The Gambia’s ex-president Yahya Jammeh should feel quite at home in Equatorial Guinea as the guest of Africa’s longest serving and perhaps most kleptocratic dictator, Teodoro Obiang Nguema Mabasongo. Especially if allegations are true of Jammeh having pillaged the national treasury before fleeing via Senegal to asylum in Malabo.
But the claim that $11 million was taken by Jammeh pales into insignificance against the rampant looting indulged in by Obiang, his family and close associates. This tiny country, with a mainly desperately poor population of fewer than 760 000, has the highest per capita income in Africa, a classic example of why per capita incomes are no evidence of national wellbeing.
Like The Gambia, Equatorial Guinea is a minute relic of Europe’s scramble for, and colonial division of, Africa. And Jammeh’s new home is very much a product of a particularly brutal history of neglect.
Comprising essentially, the island of Bioko in the Bay of Biafra and a wedge of land — Rio Muni — sandwiched between what were the French colonies of Cameroun and Gabon, Equatorial Guinea was Spain’s only toehold in sub-Saharan Africa. Lying almost squarely astride the equator, this tiny outpost that includes a clutch of small islands, was fought over by the British and Portuguese and finally ceded to Spain some 200 years ago.
A malarial backwater of a decaying Spanish empire, it was, from the start, apparently detested as a posting by both colonial bureaucrats and the military. And military detachments were a constant presence to subdue and the local populations. The Bubi of Bioko did not take kindly to the seizure of their land any more than did the Fang on the mainland, but their resistance was crushed.
The Bubi, for the most part, retreated into the dense forests of their volcanic island home, so the Spanish authorities introduced Fang tribesmen to the island to do their bidding, which often included dealing with the rebellious Bubi. By 1939 and the outbreak of the second world war, a fascist regime under General Francisco Franco had shot itself to power in Spain with the aid of Nazi Germany and Fascist Italy. So when the “winds of change” began blowing through Africa in the wake of the war, Equatorial Guinea never felt so much as a light breeze.
Most of the world was even unaware of this Spanish dominated slice of Africa. But there was some pressure from the United Nations (UN) and, in 1959, Equatorial Guinea finally became an official colony.
Members of the notorious ‘black Guardia”, Franco’s political police, and resentful military conscripts continued to be posted to what was then called the island of Fernando Po and to Rio Muni. They maintained the repression that enabled some 6 000 or more Spanish settlers to live lives of relative ease.
But the cost of maintaining this colony was a major drain on the Spanish treasury. It produced cocoa, but by the 1960s the cocoa market had slumped and preliminary oil exploration had drawn a blank.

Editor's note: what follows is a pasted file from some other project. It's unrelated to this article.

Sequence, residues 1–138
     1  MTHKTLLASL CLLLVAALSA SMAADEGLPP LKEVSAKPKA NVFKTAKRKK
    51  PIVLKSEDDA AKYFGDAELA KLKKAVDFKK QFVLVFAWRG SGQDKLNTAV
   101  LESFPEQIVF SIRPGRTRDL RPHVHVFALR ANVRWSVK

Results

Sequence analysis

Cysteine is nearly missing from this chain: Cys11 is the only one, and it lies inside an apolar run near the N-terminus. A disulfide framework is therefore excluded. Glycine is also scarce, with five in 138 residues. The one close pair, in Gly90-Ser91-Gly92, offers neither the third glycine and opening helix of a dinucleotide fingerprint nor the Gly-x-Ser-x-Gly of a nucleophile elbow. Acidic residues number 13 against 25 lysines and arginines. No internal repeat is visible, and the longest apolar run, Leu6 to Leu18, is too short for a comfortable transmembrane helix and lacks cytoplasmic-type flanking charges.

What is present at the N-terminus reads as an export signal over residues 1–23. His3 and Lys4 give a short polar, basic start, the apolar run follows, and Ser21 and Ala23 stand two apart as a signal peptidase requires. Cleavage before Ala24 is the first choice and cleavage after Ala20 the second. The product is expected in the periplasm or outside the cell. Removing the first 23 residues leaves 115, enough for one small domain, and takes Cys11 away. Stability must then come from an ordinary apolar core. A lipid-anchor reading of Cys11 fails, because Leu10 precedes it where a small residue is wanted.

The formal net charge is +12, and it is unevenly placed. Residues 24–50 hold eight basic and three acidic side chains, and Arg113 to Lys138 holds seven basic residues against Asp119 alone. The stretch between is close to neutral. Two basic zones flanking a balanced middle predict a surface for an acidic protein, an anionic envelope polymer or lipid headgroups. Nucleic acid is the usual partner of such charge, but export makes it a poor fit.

Franco agreed to UN supervised elections, and small groups of Guineans, many destined for security roles, were given hurried courses in Spain. With most of the Bubi apparently abstaining, Francisco Macias Nguema, known as El Gallo Rojo (The Red Rooster) scored a resounding victory as president and independence was scheduled for October 12, 1968.
Reinforcements were sent from Spain to a naval detachment in Bioko, machine gun posts were set up on the roads leading to the airport and no visitors were permitted to the island in the weeks leading up to independence day. By a mixture of bad luck and equally bad judgement I had been stranded on the island more than a month earlier and so was the only journalist present when what must be the lowest key independence celebration ever was concluded.
To a cacophony of boos from a crowd of several hundred Guineans, a nervous-looking honour guard of rifle toting sailors in dress whites presented ams as the Spanish flag was lowered. Then, to ragged cheers, the new flag of Equatorial Guinea was raised.
That was it. The sailors marched off and the crowd dispersed through the silent streets and shuttered shops of the little town. Within months, a colonial tyranny gave way to a homegrown one, with reports of summary executions, torture and detentions. Antanasio Ndongo, who had stood in the election against Macias and then became vice-president, reportedly died an horrendous death, allegedly at the hands of Macias.
Macias himself came to a sticky end in 1979 when his nephew, Teodoro Obiang Nguema Mabasongo led a military coup and made himself president, the position he still holds.
But the fortunes of this benighted land changed dramatically in 1995. The initial forecasts of the US oil companies were proved spectacularly wrong: oil and gas were discovered in such quantities that Equatorial Guinea became known as the Kuwait of Africa. Billions of dollars poured into the coffers of the state — and were funnelled directly into bank accounts of the new elite.
Given the reports over the years of Jammeh’s dictatorial behaviour, of the use by his security forces of assassination and torture, along with his apparently liberal use of the national treasury, he has perhaps found, in Equatorial Guinea, his ideal refuge.